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GeoJack

Forced air heat via diesel

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We were limited to temperature in taking our 1956 Terry travel trailer to the desert. Both cold and hot. 

Just fixed the cold issue. 5 kw forced air heater, $124.00.

It blast hot air but has really good controller.

Check it out.

 

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Posted (edited)

I am interested to see how much fuel this uses.  My 35’ RV uses about a gallon a day of propane when its freezing at night (32° F) and 60s in the day to warm to a toasty 74°.  

I’m guessing for a trailer that size, a 3000 watt inverter would be more than enough to power an Air Conditioner.  For my trailer, I may need to get something to help spool the AC up, but once spooled up, the generator will power it.  I’m estimating I go through a half gallon of gas on hour on this generator.  Not sure what the minimum sized generator would be for AC, but all ACs are power hungry, and certainly not solar power capable.

Edited by chrisski

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On 3/11/2020 at 3:52 PM, GeoJack said:

Just fixed the cold issue. 5 kw forced air heater, $124.00.

It blast hot air but has really good controller.

I have one of those sitting on my workbench! I bought it for the Beetle I don't have yet...:rolleyes:

It appears to be an exact clone of the Webasto brand heaters. I installed dozens of those for the US Army. It was part of the Arctic Package in all the Humvee's and troop carriers.

I like the shield you made for the tank. I would suggest a cover over it for storage to further protect it from UV. Mine seems a little thin and probably would live a short life in the AZ sun.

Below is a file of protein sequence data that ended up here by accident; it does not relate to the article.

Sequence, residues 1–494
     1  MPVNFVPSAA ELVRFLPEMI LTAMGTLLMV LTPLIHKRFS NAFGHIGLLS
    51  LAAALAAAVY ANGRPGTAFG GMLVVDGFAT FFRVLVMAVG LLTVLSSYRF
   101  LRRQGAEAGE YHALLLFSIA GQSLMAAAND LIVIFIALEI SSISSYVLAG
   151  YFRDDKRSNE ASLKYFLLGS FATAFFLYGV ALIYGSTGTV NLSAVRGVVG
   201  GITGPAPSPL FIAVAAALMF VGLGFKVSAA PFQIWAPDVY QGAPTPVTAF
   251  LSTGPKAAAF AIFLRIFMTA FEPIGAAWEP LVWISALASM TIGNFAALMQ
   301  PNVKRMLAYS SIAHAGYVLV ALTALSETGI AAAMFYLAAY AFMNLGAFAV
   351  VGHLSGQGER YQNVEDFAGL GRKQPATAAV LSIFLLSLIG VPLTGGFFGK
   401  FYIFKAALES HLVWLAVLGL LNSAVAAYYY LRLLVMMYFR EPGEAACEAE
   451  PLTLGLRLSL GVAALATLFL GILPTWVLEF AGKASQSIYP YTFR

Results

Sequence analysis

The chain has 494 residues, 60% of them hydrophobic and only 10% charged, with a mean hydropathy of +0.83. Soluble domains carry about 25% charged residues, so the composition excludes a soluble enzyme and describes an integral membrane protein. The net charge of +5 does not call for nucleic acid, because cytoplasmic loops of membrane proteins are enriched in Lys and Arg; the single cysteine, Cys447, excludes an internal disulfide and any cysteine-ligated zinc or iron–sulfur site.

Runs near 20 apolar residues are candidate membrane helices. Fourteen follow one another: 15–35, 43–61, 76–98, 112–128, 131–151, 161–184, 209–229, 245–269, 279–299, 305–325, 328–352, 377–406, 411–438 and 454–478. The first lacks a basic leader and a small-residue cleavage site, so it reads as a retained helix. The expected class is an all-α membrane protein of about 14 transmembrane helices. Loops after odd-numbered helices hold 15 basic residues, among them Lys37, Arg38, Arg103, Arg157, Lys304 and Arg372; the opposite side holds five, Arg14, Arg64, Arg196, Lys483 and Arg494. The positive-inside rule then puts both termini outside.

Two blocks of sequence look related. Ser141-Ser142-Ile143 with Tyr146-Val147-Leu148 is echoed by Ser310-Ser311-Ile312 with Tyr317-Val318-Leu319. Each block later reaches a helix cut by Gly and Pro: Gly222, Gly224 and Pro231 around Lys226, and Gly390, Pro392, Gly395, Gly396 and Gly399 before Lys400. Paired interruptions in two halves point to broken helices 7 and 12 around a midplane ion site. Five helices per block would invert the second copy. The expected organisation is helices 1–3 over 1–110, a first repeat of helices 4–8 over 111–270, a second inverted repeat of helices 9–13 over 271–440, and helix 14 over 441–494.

On 3/11/2020 at 8:33 PM, chrisski said:

I am interested to see how much fuel this uses.  My 35’ RV uses about a gallon a day of propane when its freezing at night (32° F) and 60s in the day to warm to a toasty 74°.  

I’m guessing for a trailer that size, a 3000 watt inverter would be more than enough to power an Air Conditioner.  For my trailer, I may need to get something to help spool the AC up, but once spooled up, the generator will power it.  I’m estimating I go through a half gallon of gas on hour on this generator.  Not sure what the minimum sized generator would be for AC, but all ACs are power hungry, and certainly not solar power capable.

I ran a 5000 btu window unit off a 2K watt Honda. It struggled at compressor start up, but did run. A typical rooftop A/C will require a 4-5k genny at least. Possibly more if you want to run the microwave at the same time. Running amperage isn't terrible, it's the start up amp draw that requires a large genny. That large start up draw also overloads every inverter(4K was the biggest) I tried. Maybe with a big enough one...